"The part of the day I am struggling with most right now is mornings," Karin said. (Tell me about it.) "So I decided to apply 'planning ahead' to that. And you know, I was really surprised. I understood on a basic level that if I made lunches the night before, then the mornings would be easier. But I didn't realize what a positive impact that would have on the rest of the day. Instead of starting off with a big buildup of stress, we just got out the door and then enjoyed a walk to the bus stop."
I didn't ask whether she went in her jammies.
Listening to Karin, it was clear that the goal isn't really more order; it's less stress. The issue isn't getting something done right, but avoiding the anxiety that comes from chaos that's not managed. So I'm inspired, and a little jealous, that her part of the experiment went so well.
Let yourself off the hook
Of all my friends, Tania's house is the neatest. She has, like, fruit bowls on the counter and stuff. I thought that this translated into a sense of peace and simplicity, so I was surprised to hear that Tania decided to let herself off the hook on her housekeeping.
"We decided to get a housecleaner once a week," she confessed. (Oh, please don't tell your husband it was because I made you help me.)
"Did it make life simpler?" I asked.
"I clean obsessively before she comes, and I clean after," she admitted. Okay, work in progress. But I did realize one thing: She's a lot harder on herself than any of her friends are on her. When it comes to my house, she always tells me how great it looks, and it's never as clean as hers. Maybe letting yourself off the hook means being as nice to yourself as you are to your friends. I'll keep trying that one. After all, I remind them they're great moms when their kids pull belly-screamer meltdowns in public, and I should remind myself, too. The next time I drag a screaming child out of the market, I'll try to be as encouraging to myself as my friends would be to me.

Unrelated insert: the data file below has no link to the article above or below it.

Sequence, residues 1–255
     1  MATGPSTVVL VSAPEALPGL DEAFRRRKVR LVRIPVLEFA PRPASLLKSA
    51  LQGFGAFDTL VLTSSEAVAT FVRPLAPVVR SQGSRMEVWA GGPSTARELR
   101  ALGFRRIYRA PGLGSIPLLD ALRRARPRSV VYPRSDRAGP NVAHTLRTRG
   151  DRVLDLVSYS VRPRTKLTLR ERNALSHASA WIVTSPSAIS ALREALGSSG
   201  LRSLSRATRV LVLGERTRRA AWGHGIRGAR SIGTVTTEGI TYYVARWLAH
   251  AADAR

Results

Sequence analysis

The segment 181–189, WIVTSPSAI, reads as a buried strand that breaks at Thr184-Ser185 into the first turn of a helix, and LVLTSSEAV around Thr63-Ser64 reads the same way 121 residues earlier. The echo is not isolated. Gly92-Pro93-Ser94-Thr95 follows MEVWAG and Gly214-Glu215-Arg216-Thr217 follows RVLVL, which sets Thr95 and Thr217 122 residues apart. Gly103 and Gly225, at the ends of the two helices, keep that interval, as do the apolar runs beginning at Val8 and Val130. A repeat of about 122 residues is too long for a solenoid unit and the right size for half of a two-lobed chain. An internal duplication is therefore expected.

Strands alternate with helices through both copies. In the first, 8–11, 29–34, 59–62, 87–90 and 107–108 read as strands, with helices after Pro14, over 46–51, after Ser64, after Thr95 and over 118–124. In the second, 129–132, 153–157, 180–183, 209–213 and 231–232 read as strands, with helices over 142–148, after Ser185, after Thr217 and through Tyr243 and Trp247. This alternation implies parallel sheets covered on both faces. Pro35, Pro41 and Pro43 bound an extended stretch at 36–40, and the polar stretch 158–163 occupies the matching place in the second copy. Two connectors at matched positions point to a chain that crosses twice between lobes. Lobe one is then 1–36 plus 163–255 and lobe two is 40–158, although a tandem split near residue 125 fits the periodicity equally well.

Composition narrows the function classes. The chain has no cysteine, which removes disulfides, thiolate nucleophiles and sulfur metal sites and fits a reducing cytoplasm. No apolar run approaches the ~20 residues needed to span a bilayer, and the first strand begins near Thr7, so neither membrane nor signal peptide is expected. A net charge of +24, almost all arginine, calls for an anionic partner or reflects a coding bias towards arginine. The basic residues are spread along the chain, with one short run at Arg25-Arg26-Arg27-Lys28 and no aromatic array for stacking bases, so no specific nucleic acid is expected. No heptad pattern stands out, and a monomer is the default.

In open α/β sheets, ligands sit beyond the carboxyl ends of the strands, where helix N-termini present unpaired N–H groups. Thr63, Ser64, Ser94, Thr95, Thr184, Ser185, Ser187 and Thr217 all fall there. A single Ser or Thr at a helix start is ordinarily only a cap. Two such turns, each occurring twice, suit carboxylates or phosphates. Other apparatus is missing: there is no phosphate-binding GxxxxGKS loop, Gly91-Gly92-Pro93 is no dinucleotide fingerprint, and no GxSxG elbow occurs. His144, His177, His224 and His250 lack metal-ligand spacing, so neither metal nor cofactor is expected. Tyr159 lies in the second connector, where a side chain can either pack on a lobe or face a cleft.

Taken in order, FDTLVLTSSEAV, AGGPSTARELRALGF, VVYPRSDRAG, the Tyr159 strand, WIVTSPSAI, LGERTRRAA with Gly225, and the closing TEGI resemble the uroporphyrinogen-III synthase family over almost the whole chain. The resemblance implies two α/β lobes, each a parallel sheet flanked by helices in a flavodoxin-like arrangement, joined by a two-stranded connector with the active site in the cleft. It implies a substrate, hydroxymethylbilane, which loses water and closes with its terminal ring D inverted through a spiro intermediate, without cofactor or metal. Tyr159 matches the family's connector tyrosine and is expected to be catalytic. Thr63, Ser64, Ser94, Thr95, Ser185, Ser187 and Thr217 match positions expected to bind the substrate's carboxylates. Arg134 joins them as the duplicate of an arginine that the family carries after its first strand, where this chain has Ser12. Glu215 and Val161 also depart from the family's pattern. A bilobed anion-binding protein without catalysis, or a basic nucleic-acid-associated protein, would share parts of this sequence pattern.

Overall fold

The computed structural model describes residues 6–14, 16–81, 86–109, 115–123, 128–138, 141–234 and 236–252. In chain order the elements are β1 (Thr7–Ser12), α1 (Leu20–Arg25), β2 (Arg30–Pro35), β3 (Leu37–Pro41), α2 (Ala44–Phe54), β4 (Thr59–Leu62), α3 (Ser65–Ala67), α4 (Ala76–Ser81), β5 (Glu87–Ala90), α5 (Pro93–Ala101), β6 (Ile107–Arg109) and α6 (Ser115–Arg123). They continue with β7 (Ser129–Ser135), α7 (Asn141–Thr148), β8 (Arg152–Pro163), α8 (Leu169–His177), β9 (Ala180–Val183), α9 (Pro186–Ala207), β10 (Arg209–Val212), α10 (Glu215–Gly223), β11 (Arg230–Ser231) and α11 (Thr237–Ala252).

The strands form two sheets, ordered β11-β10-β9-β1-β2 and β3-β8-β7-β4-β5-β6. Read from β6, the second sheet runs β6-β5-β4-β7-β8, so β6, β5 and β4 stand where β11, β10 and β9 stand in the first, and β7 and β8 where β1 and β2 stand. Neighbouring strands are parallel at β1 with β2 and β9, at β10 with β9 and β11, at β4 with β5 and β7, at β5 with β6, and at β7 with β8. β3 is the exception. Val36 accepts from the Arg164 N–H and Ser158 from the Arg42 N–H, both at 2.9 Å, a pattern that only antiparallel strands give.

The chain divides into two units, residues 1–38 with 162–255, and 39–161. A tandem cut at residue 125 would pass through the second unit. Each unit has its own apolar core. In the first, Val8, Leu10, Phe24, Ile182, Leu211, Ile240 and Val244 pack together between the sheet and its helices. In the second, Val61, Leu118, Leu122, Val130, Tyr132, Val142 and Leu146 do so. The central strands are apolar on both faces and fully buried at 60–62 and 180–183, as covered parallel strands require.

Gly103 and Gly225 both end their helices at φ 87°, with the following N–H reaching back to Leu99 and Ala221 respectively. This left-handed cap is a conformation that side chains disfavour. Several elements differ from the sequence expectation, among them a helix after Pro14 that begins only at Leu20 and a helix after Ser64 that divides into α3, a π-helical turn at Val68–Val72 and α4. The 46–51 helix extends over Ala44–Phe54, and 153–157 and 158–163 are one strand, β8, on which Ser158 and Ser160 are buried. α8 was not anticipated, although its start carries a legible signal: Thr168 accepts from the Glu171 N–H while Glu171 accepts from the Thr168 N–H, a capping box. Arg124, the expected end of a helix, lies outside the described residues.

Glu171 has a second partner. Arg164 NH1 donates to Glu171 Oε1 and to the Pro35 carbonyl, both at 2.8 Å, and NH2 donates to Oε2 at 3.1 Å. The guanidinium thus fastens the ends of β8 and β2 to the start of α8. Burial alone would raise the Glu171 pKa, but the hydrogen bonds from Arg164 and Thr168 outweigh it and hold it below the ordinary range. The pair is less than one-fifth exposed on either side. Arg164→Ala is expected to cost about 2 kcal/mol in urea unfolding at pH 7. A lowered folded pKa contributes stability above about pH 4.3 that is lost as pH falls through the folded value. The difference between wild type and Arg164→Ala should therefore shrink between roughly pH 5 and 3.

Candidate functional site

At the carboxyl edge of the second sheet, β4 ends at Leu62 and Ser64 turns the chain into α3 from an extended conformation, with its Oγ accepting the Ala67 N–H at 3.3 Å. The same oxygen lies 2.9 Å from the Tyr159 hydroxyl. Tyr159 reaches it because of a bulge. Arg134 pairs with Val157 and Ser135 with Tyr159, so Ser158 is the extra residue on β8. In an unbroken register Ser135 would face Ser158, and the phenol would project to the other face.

Do one thing at once
I don't know any mom who doesn't pride herself on her multitasking skills. We can talk on the phone, wipe a nose, and look up something online, answering questions about eating habits of birds as we go. But as I considered it, I wondered whether this might be an inherent part of our problem. In the first weeks with newborns, we learn to do so many things at once. Maybe we never unlearn it. Maybe sometimes we should.
"Are these withdrawal symptoms?" I thought as I stood in the kitchen chopping vegetables and twitching from a desire to have my laptop in front of me.
"This doesn't feel right," I muttered as I drove the kids to the market without a cell phone crammed against my ear.
"I can't concentrate!!" I thought as I forced myself to pay attention to the girls without picking up all the messes I saw around the toy room.
On the last day of my week of simplifying, I rolled out of the house, late as usual. I drove along with the ticker of self-annoyance going around my head. "Why can't I do this right? I should have planned ahead, or said no, or let myself off the hook, or whatever. But I should not be walking the halls of school in my jammies yet again."
Fergie came on the radio, singing "Girl can't help it." I turned it up and the girls started singing along. Suddenly it was a gorgeous day and I didn't mind everything so much. That was when it hit me: Driving to school, worrying about being late, trying to get there sooner, and berating myself for my mistakes was doing too much all at once. The only thing I really should have been doing in that moment was driving to school, singing a song in my jammies. Because that's where I was.
"Do one thing at once" isn't just about not multitasking; it's also about paying attention. It isn't always possible to get help or say no or let ourselves off the hook -- life wouldn't happen if we did too much of that. But my week of simplicity taught me what it's all really about: learning to be in the moment and trying not to worry about the rest so much.
And life with kids being what it is, that may just be as simple as we can hope for.
Elizabeth Soutter Schwarzer, also known as DaMomma, blogs at http://forums.parenting.com/blogs/parenting-post/posts/.